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Rape Culture’s Collective “Ah Ha” Moment

Rape Culture’s Collective “Ah Ha” Moment

Ah-Ha!

I’m having an ah ha moment while reading an article posted by a man explaining the phrase “rape culture” to other men.

Truth is, I’ve had this same ah-ha moment before. You see, I’m again remembering that in addition to ALL the rape attempts I remember in my life and that I speak about readily, there’s also a rape attempt I never really talk about. Because it was my boss.

Every time I think of that friendly, close-talker, absent-minded boss in that job I held many years ago, and my first time with my ultra-handsome HUSBAND pushing me farther than I wanted to go, I think to myself I can’t be the only one who has had THIS many attempted sexual assaults/rapes in her life.

Some day I’ll tell you more about them. But for now, the truth is I feel that countless men bristle at recent talk of rape culture because with this new, broader definition of sexual assault and rape that is emerging, they are recognizing THEIR OWN BEHAVIOR.

The widening net of what is sexual assault or rape, is the very net that ensnares THEM. So they can’t wrap their heads around it because for each of these men the new definition of rape/sexual assault means that each of these men is indeed, a rapist. They don’t FEEL like rapists and they sense they would know what it feels like. Welcome to the new world in which a woman has the courage to say that simply pushing her farther than she wants to go, is indeed rape; Even if you were drunk and scarcely remember. Even if you thought unconscious was a green light. Even if you feel it was fun.

And THAT, in essence, is the bitter chasm that many of our nation’s men are choking on right now: The chasm between what a man feels – and what a man is.

You see it in the national conversation including in the #NotAllMen vs the #YesAllWomen Twitter world and the backlash to the ongoing #NotJustHello Twitter conversation and during the inevitably-heavily-weighted-toward-men roundtable discussions we see nightly on Cable TV. Staying stuck where we are in seemingly endless conversations based on debating the existence of rape culture, or even simply complaining about it, should we convince the entire world of its existence, isn’t going to help any of us.

Since we have widened the net of what rape/sexual assault is through recognizing that it includes pushing a girl to go farther than she wants, we have to face a harsh inevitable truth: Almost all men have done that.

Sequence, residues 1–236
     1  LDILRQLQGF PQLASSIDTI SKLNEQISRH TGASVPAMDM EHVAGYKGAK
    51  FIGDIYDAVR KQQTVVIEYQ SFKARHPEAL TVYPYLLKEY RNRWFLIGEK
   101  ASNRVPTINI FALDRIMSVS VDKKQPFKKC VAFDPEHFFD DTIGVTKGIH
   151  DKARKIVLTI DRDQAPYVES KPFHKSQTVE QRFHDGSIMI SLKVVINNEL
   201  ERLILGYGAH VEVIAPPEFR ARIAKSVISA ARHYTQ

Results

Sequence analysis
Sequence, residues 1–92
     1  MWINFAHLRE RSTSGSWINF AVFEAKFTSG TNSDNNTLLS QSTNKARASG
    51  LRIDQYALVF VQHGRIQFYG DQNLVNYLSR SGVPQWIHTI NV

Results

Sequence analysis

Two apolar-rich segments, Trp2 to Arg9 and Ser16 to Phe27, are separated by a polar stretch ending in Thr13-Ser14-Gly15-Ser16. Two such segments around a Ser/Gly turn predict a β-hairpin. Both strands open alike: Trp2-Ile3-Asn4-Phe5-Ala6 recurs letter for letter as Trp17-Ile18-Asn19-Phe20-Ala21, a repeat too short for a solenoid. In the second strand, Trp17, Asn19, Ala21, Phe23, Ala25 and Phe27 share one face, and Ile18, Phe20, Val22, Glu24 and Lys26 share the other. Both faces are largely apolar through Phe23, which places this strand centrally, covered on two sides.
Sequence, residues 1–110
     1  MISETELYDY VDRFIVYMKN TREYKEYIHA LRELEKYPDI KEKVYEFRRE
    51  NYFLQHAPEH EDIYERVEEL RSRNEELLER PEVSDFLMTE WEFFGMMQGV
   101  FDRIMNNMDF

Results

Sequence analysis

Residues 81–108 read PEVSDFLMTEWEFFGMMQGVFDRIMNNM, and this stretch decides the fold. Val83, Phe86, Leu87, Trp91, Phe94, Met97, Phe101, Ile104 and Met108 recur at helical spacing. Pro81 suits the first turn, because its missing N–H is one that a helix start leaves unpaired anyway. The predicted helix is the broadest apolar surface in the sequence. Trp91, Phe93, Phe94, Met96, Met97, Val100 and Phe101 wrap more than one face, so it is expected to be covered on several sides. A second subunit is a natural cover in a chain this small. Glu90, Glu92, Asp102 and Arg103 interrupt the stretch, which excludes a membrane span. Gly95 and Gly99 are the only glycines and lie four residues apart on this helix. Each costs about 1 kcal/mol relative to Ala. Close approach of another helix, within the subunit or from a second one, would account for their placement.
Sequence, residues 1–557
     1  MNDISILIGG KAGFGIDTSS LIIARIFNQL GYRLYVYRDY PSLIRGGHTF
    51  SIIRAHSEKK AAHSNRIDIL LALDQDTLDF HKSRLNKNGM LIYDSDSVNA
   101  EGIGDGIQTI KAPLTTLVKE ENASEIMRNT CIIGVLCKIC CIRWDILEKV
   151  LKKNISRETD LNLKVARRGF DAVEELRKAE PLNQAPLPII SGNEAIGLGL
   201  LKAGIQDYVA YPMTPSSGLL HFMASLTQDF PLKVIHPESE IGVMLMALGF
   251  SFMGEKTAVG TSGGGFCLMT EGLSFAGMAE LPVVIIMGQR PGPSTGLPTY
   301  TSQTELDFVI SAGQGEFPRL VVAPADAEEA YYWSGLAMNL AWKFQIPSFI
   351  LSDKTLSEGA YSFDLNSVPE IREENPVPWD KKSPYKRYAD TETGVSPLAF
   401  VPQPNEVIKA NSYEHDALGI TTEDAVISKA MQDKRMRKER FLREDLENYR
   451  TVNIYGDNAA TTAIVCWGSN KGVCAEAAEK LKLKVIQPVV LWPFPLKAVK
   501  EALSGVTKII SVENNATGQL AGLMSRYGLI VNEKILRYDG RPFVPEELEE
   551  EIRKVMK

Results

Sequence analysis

So not only is that a stunning truth for both men and women: Now that the definition has changed, we have to wrap our heads around the fact that a lot of women are married to men who have indeed either attempted or committed sexual assault/rape. But the positive is that from the point of awakening to and accepting this harsh reality, we can stop it.

Like the empowering moment when a fairy tale boy has the courage to say the emperor is wearing no clothing, women now have the courage to simply say to a man that when you are trying to push me farther than I want to go, you are trying to rape me. And if you accomplish that? You’re a rapist. Let’s have our collective ah-ha moment together, create a culture where consent is a two way street – and move on.

I’ll post below the article that led to my ah-ha moment…I have to go….
I’ll tell you more another time….

Chrissa
View story at Medium.com

______________________________

Chrissa is a journalist by night.
Fights human trafficking by day.
Follow Chrissa on Twitter: @whatisupahead


One Comment
  • Nick

    July 5th, 2014 at 5:46 AM

    I followed the link you left, and then I followed the research that it referenced to support the statement that 20% of women in college report having been raped to “the 1995 National College Health Risk Behavior Survey.” I found the relevant survey question and the claim turned out to be false. Instead of 20%, the number was 12%. Check for yourself: http://www.cdc.gov/HealthyYouth/yrbs/data/college/nchrbs95.pdf (Question 69). That was the barest probe being made into the information presented by this ideological viewpoint. On my first attempt at verifying what was being written, I was met with what has to be either a failure of basic research or an outright lie. On top of that, you see a lot of gross generalizations and flawed analysis going on in support of this movement. Is there any wonder that your movement is often met with contempt?

    Also, if you think that the “gentleman’s guide” was indicative of how men typically think and express themselves, you are sadly mistaken. It reads like a (rather insulting) caricature of what a feminist believes the average man is like. It is actually cringe-worthy, the way it would be if a rich white 85 year old politician were to try to appeal to urban culture by “spitting a rap” and drinking a “forty” on national television. The “gentlemen’s guide” is not a fair representation of what men think. It is a representation of what people in YOUR camp BELIEVE that men think. There is a huge difference.

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